From an early age, we are encouraged to eat Vitamin C rich foods (otherwise known as Ascorbic Acid) because it is commonly known that it has various benefits. This is why many ‘immune system’ targeting supplements contain Vitamin C among others.
Vitamin C is vital for healing, in fact, an extreme lack of Vitamin C can lead to scurvy or immunity impairment. Scurvy presents itself as fatigue, weakness, irritability, severe joint pain, loss of teeth, usually blue or red spots on the skin, and easily bruised skin.
Vitamin C can be found in many everyday foods:
- Red and green peppers
- Oranges and orange juice
- Brussel sprouts
- Kakadu plums (mainly found in Australia)
Praised as a powerful anti-oxidant, Vitamin C is also known to be great for the skin and immune function. Skincare products are widely known the use Vitamin C for its ability to protect the skin from outside oxidative stress, in other words, it helps block any environmental oxidants from entering the body through the skin. Examples of these are ultraviolet radiation and air pollution.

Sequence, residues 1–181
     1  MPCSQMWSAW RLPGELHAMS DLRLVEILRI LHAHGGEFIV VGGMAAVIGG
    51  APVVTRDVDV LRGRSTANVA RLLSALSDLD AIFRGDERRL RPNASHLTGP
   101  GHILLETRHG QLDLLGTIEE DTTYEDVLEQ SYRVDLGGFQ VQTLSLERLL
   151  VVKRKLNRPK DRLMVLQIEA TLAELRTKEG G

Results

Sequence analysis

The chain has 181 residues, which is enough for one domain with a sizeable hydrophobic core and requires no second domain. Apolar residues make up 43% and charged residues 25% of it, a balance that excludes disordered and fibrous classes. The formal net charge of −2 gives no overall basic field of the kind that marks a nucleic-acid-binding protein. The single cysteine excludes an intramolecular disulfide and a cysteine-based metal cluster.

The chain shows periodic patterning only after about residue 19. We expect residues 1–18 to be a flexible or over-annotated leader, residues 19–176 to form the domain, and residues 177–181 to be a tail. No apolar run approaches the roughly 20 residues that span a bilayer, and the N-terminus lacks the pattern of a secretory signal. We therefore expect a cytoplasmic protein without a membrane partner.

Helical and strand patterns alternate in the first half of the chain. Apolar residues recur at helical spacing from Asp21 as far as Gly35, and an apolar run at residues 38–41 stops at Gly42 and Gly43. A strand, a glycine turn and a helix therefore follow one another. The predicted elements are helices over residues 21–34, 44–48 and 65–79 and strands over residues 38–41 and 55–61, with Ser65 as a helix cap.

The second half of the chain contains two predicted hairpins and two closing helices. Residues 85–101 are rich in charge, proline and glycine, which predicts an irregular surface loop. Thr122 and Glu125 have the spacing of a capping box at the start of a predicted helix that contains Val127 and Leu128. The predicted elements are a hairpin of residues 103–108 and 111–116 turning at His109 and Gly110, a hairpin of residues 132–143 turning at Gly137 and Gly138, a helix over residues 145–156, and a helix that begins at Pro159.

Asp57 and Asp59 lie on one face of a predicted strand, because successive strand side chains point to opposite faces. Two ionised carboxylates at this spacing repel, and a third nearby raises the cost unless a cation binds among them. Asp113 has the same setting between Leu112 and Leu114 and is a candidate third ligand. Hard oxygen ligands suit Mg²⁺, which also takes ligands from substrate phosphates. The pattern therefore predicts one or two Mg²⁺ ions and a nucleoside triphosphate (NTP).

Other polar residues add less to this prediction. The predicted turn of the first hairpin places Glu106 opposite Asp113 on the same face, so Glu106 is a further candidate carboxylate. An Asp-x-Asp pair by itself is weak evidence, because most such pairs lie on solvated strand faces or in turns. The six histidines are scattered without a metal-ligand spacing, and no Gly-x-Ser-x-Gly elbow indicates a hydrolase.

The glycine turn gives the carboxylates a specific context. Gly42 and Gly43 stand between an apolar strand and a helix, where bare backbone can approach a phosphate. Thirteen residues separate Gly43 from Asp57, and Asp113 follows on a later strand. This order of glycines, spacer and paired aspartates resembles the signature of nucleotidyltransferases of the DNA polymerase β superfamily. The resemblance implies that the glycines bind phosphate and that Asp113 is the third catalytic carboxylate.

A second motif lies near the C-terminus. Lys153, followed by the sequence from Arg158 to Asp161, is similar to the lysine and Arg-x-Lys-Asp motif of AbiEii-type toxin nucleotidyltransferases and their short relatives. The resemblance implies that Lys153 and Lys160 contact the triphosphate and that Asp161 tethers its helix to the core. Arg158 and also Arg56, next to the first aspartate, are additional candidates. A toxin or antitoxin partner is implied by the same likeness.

Because the body cannot produce or store Vitamin C itself, it’s important to consume at least 40mg per day if aged 19-64. Some find this simple with a healthy, balanced diet but many find supplements the best way to be certain of their daily intake. It is not advised to take excessive amounts of Vitamin C as this can have diverse effects on your system, such as stomach cramps, leaky gut, and excess gas.
Vitamin C is imperative for the best cell and tissue levels, protecting organs from pathogens and has been proven to prevent systemic and respiratory infections. It does this by supporting cellular functions of the immune system, directing immune cells to the site of infection, and defend these cells from free radicals.
Many studies have previously been conducted to see how Vitamin C can reduce the likelihood of contracting a common cold, results showed that the duration of the cold can be reduced by 8% in adults and 14% in children, this was in those given a dose of 200mg per day. No research supports the prevention of contracting the cold in the first instance for the general population, but further studies showed it can reduce it in those under extreme physical stress, for example, marathon runners and military.
So, essentially, Vitamin C may not necessarily ‘boost’ your immune function, but it has preventative qualities when taken daily in the correct quantities.